What is a rootkit?
Posted by cotojo on August 2, 2007
What is a rootkit?
A rootkit is not an exploit — it’s the code or program an attacker leaves behind after a successful exploit. The rootkit then allows the hacker to hide his or her activity on a computer, and it permits access to the computer in the future. To accomplish its goal, a rootkit will modify the execution flow of the operating system or manipulate the data set that the operating system relies on.
Windows operating systems support programs or processes running in two different modes: user mode and kernel mode. Traditional Windows rootkits such as SubSeven and NetBus operate in user mode.
Also known as backdoors or Trojans, user-mode rootkits run as a separate application or within an existing application. They have the same level of system privileges as any other application running on the compromised machine. Since these rootkits operate in user mode, applications such as antivirus scanners can detect the rootkit’s existence if they have a signature file.
A kernel-mode rootkit is remarkably different — and much more powerful and elusive. Kernel-mode rootkits have total control over the operating system and can corrupt the entire system.
By design, kernel-mode rootkits control the operating system’s Application Program Interface (API). The rootkit sits between the operating system and the user programs, choosing what those programs can see and do.
In addition, it uses this position to hide itself from detection. If an application such as an antivirus scanner tries to list the contents of a directory containing the rootkit’s files, the rootkit will suppress the filename from the list. It can also hide or control any process on the rooted system.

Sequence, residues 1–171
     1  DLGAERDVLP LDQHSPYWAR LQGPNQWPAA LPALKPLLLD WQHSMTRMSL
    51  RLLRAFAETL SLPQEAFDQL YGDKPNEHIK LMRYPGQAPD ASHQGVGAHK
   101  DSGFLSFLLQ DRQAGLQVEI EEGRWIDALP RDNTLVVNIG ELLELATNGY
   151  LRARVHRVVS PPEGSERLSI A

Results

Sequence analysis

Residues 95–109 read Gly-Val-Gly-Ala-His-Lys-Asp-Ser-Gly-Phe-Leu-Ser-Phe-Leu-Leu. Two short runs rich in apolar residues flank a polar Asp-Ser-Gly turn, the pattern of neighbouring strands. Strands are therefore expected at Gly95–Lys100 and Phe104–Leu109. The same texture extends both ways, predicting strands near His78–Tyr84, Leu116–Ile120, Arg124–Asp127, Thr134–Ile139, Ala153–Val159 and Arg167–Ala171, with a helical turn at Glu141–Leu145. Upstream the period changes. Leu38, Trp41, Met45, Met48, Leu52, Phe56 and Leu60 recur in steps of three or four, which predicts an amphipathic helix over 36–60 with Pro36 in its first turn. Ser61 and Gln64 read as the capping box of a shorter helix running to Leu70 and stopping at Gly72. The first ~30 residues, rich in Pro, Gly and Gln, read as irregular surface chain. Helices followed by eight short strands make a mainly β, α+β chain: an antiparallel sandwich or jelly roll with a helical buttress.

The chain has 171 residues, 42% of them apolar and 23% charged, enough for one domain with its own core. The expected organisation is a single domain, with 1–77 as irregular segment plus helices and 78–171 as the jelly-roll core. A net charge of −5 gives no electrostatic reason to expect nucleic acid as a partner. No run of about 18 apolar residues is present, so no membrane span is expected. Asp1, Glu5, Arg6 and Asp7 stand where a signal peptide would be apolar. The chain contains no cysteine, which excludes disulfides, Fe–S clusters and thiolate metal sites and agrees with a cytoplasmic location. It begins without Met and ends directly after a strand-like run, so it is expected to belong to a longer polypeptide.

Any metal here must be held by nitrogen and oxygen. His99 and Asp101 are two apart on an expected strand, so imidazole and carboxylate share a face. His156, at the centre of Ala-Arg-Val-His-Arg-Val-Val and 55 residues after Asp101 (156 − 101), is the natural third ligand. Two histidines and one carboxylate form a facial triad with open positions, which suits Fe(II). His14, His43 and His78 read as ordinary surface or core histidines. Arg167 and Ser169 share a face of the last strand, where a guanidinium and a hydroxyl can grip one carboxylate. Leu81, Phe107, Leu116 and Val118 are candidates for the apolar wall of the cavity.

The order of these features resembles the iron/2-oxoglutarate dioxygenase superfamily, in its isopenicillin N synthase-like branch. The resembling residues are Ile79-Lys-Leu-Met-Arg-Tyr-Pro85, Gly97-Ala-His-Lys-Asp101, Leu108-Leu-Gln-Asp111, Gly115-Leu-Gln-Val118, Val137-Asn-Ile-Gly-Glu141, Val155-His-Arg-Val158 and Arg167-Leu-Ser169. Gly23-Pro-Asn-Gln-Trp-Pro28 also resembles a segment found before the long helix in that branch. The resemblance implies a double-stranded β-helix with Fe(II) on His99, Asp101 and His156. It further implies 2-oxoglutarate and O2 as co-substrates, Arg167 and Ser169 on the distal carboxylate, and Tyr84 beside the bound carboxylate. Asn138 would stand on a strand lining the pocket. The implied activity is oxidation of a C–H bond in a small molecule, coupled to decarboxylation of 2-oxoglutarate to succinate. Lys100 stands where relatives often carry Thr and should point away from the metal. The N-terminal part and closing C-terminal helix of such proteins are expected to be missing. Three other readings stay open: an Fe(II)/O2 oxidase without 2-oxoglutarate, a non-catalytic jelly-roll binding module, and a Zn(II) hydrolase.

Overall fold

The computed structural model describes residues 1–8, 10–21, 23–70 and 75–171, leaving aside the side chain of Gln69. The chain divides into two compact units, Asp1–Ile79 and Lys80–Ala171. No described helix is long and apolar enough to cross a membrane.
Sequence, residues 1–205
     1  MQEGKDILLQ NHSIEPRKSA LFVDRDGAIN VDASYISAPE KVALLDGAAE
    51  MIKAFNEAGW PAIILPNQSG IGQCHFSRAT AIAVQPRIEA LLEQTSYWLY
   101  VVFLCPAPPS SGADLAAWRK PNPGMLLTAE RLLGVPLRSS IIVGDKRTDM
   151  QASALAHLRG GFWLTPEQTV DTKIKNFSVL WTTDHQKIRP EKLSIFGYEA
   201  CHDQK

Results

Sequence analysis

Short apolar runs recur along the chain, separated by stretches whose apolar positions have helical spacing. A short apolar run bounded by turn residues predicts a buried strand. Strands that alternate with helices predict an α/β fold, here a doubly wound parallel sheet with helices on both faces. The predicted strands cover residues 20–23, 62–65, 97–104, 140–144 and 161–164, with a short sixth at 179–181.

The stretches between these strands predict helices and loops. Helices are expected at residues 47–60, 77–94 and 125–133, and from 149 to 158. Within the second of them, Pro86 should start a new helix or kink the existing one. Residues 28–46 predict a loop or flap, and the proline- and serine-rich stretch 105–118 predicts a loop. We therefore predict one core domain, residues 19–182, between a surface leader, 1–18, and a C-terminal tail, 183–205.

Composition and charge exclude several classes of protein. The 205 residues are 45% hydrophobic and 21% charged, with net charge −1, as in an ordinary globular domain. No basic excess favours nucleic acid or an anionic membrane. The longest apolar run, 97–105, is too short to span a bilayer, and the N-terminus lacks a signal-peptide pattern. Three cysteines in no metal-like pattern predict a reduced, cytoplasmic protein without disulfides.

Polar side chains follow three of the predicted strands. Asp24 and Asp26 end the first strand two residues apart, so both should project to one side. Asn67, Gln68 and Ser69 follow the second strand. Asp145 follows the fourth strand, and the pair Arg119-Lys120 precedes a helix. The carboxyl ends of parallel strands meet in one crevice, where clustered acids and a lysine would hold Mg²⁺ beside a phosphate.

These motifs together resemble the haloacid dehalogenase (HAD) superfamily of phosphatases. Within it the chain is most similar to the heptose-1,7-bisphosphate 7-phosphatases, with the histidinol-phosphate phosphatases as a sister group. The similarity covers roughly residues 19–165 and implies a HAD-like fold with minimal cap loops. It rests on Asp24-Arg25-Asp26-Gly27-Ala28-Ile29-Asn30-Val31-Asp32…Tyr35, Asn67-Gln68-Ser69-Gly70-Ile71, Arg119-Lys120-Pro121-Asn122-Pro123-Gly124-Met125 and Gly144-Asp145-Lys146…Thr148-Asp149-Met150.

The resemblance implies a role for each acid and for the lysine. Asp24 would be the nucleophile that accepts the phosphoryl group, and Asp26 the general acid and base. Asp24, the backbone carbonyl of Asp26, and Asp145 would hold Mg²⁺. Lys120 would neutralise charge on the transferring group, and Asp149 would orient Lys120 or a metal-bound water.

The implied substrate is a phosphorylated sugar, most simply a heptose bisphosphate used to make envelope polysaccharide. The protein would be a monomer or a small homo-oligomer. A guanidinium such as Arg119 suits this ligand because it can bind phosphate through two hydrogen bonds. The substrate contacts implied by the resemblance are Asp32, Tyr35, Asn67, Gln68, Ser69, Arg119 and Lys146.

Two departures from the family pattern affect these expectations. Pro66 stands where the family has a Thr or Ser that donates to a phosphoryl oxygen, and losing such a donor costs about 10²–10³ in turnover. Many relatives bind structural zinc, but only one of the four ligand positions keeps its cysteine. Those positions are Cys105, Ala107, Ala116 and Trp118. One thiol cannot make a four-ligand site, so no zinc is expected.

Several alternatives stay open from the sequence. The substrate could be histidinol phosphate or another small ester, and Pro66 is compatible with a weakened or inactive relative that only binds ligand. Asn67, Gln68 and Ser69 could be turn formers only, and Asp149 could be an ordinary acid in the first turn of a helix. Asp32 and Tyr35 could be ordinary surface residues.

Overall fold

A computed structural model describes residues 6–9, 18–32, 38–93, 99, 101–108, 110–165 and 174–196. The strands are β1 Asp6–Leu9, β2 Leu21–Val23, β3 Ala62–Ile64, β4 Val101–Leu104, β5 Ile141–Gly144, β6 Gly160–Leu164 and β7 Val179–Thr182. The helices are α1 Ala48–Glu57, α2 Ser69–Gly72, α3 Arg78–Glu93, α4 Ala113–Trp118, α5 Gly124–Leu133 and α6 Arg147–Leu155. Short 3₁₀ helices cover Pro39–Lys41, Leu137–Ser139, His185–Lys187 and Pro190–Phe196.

Methods to detect rootkits fall into two categories: Signature-based and heuristic/behavior-based detection.
Signature-based detection: As its name implies, this method scans the file system for a sequence of bytes that comprise a “fingerprint” that’s unique to a particular rootkit. However, the rootkit’s tendency to hide files by interrupting the execution path of the detection software can limit the success of signature-based detection.
Heuristic/behavioral-based detection: This method works by identifying deviations in normal operating system patterns or behaviors. For example, this method could detect a rootkit by determining that a system with 200-GB hard drive that reports 160 GB of files has only 15 GB of free space available.
Rootkits are hard to detect. But there are programs – including a free one from Panda which I have covered in another post.
Panda Anti-Rootkit – Free
© Free PC Security 2007 – 2008
This entry was posted on August 2, 2007 at 1:10 pm and is filed under PC Security, Rootkits, trojans. Tagged: detection, elusive, kernel mode, operating system, program, proxy, rootkit, signature file, trojans, Web. You can follow any responses to this entry through the RSS 2.0 feed. You can leave a response, or trackback from your own site.